Experimental demonstration of optical transport, sorting and self-arrangement using a ‘tractor beam’

Following the Keplerian idea of optical forces, one would intuitively expect that an object illuminated by sunlight radiation or a laser beam will be accelerated along the direction of photon flow. Recent theoretical studies have shown that small particles can be pulled by light beams against the photon stream, even in beams with uniform optical intensity along the propagation axis. Here, we present a geometry to generate such a ‘tractor beam’, and experimentally demonstrate its functionality using spherical microparticles of various sizes, as well as its enhancement with optically self-arranged structures of microparticles. In addition to the pulling of the particles, we also demonstrate that their two-dimensional motion and one-dimensional sorting may be controlled conveniently by rotation of the polarization of the linearly polarized incident beam. The relative simplicity of this geometry could serve to encourage its widespread application, and ongoing investigations will broaden the understanding of the light–matter interaction through studies combining more interacting micro-objects with various properties.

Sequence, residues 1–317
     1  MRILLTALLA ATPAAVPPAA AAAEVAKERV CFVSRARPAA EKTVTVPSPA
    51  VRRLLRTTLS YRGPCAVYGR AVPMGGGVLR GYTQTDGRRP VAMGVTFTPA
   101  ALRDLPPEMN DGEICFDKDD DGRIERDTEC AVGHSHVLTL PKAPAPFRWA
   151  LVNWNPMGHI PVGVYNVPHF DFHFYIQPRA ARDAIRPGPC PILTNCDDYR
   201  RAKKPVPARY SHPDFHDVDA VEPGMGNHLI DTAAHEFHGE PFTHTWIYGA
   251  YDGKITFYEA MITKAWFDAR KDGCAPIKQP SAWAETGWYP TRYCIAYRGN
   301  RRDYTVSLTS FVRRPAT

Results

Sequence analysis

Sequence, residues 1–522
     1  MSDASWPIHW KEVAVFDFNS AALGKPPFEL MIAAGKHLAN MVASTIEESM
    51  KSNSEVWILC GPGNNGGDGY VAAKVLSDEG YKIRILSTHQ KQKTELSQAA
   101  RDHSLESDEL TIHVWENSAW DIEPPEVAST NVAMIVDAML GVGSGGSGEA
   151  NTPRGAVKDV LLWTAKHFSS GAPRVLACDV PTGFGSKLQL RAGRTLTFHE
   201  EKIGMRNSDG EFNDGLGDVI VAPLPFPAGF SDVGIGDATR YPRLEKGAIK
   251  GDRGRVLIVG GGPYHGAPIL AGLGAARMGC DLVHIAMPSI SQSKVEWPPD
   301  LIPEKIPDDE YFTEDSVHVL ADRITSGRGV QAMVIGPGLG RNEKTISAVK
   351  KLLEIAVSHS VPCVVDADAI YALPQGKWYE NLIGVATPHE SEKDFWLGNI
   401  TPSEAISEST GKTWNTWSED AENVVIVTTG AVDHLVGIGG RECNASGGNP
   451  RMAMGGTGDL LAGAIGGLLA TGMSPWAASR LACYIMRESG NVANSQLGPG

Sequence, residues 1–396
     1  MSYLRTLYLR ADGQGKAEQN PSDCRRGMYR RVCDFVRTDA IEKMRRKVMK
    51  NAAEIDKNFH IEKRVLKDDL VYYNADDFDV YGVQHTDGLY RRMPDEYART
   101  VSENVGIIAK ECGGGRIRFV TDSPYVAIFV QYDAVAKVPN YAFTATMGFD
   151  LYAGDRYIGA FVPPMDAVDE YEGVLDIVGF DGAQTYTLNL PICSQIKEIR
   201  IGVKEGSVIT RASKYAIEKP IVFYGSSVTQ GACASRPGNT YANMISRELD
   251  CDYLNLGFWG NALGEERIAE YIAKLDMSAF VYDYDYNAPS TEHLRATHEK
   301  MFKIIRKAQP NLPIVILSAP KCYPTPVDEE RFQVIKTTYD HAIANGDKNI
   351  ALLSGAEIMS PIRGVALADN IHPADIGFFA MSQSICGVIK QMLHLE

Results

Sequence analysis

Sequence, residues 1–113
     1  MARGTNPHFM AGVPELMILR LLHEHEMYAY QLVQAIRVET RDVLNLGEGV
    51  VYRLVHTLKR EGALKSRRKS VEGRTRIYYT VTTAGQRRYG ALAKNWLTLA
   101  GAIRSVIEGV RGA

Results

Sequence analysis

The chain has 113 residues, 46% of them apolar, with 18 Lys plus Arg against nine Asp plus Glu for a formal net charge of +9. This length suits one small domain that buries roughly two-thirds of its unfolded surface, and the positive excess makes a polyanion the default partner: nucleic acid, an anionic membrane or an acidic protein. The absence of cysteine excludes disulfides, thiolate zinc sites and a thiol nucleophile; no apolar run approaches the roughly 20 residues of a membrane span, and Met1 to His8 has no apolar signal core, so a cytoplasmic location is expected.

Authors: O. Brzobohatý, V. Karásek, M. Šiler, L. Chvátal, T. Čižmár, & P. Zemánek

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